Plant Engineering provides engineering, project-management, and support services to clients nationwide. It has provided engineering services to Flint Hills Resources (Flint Hills) at its Pine Bend refinery in Rosemount, Minnesota (Pine Bend), for several years. Mervine, an experienced professional engineer, began working for Plant Engineering as a project manager in May 2012. In January 2013, Plant Engineering interviewed Mervine for the position of Pine Bend site manager. Mervine was informed during the interview that Pine Bend was a difficult assignment, that Flint Hills's increased focus on timely project completion was affecting Plant Engineering employees' morale, and that Flint Hills was currently unhappy with the services Plant Engineering employees were providing at Pine Bend. In April 2013, Mervine accepted Plant Engineering's offer. Forty-eight of Pine Bend's 225 projects were more than two weeks behind schedule when Mervine began his employment there.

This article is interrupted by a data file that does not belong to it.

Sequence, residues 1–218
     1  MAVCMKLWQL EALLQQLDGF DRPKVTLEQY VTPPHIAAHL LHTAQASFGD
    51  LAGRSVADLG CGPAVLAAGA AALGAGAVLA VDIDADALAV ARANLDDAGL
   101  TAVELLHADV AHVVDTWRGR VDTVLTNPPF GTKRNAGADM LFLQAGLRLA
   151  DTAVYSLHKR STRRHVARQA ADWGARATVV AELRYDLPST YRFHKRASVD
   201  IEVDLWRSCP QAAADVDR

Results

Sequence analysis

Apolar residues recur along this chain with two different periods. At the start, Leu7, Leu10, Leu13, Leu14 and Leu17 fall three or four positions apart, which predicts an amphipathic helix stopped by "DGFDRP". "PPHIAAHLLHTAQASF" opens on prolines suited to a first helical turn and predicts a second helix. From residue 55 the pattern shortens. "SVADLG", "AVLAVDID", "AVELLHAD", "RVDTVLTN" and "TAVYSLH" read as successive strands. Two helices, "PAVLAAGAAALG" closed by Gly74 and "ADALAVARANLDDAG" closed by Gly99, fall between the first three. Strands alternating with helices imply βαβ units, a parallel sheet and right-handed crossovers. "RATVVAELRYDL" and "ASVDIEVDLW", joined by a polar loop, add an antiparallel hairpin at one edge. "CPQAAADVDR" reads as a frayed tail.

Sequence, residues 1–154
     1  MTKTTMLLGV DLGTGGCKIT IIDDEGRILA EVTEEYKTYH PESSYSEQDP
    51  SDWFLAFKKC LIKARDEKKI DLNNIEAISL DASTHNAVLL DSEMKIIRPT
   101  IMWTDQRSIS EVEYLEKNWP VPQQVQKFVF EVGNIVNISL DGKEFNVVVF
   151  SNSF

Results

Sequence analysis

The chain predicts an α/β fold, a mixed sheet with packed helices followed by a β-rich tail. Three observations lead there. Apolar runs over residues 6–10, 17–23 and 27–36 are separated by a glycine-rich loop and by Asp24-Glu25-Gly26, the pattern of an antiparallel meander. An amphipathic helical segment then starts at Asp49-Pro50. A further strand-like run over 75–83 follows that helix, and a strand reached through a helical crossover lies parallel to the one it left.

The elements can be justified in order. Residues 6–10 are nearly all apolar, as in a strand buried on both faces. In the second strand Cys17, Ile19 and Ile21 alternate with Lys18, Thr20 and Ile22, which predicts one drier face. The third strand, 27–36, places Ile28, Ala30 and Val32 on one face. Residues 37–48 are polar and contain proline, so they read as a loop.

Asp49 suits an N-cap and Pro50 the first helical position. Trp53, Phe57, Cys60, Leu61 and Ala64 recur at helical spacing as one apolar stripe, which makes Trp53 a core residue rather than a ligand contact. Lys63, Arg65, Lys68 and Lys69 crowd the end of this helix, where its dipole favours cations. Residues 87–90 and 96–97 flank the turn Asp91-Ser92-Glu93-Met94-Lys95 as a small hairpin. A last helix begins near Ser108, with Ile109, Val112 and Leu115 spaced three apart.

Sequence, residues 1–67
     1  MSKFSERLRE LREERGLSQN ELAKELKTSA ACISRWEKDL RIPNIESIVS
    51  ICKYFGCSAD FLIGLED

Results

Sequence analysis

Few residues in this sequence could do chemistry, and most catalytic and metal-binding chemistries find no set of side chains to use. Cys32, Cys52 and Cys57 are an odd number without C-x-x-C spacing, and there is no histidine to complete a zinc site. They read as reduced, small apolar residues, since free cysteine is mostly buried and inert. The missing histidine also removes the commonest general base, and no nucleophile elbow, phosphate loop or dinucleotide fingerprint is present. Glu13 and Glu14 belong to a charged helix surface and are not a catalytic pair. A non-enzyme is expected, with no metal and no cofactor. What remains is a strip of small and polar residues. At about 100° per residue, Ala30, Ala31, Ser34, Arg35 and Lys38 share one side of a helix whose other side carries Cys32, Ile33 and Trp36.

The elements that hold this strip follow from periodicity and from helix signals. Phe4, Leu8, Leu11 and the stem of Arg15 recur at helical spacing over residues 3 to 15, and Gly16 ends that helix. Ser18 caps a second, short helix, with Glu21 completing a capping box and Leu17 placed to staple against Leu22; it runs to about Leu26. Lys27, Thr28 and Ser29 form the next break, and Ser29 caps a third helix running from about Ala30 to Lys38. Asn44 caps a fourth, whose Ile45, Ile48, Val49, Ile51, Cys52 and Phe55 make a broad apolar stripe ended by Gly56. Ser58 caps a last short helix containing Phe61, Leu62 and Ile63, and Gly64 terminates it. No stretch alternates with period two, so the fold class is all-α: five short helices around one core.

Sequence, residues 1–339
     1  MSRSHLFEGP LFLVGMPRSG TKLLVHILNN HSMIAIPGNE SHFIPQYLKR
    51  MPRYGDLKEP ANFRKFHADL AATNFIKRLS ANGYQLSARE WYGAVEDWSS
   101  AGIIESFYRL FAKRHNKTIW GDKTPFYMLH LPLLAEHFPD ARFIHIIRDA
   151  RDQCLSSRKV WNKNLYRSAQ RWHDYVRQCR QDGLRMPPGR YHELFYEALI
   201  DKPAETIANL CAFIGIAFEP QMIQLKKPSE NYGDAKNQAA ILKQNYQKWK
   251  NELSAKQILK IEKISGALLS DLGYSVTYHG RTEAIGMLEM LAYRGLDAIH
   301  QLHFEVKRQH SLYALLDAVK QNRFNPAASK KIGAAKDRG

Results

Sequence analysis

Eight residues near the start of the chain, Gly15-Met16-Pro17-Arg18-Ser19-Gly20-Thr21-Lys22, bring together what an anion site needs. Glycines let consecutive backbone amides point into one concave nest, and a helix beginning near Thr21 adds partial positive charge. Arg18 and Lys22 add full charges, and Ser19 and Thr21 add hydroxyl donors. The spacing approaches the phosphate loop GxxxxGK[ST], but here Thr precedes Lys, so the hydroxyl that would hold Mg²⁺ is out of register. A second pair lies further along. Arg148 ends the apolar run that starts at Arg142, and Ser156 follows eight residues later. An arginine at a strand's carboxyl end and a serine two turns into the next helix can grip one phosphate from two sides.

Mervine understood that his primary task was to accommodate Flint Hills's demands, as well as Bill Hicks's, Plant Engineering's manager for the Flint Hills account. Both Plant Engineering and Flint Hills were initially satisfied with Mervine's performance. In late 2013, Mervine began to have problems with Shaina Botka, a Plant Engineering project manager who reported directly to Mervine and who Mervine believed had become frustrated with Flint Hills's repeated changes to her project schedules. In a December 13 email, Botka claimed that Mervine had told her in a meeting that he needed to "clean house" and that he could fire her and another employee. Botka understood Mervine's comments to be a threat to her employment and informed Mervine in the email that she intended to report his conduct to Jason Kreuiter, Plant Engineering's Pine Bend human resources (HR) representative. Botka also emailed Kreuiter to ask if she could discuss some concerns with him. Later the same day, Mervine forwarded to Kreuiter the email Botka had originally sent to him and asked Kreuiter to call the following week to discuss Botka. Several follow-up emails were sent to Kreuiter over the next several days by both Mervine and Botka, each of whom expressed professional and personal concerns about the other. Kreuiter recognized the strained working relationship between Mervine and Botka, and he spoke with both parties about their concerns. In the meantime, Mervine received a positive annual performance review from his supervisor, Joe Picou, on December 9, 2013, and he received a raise and a promotion in January 2014. Picou, however, was not aware at that time that Botka or any of Mervine's other subordinates had concerns about Mervine.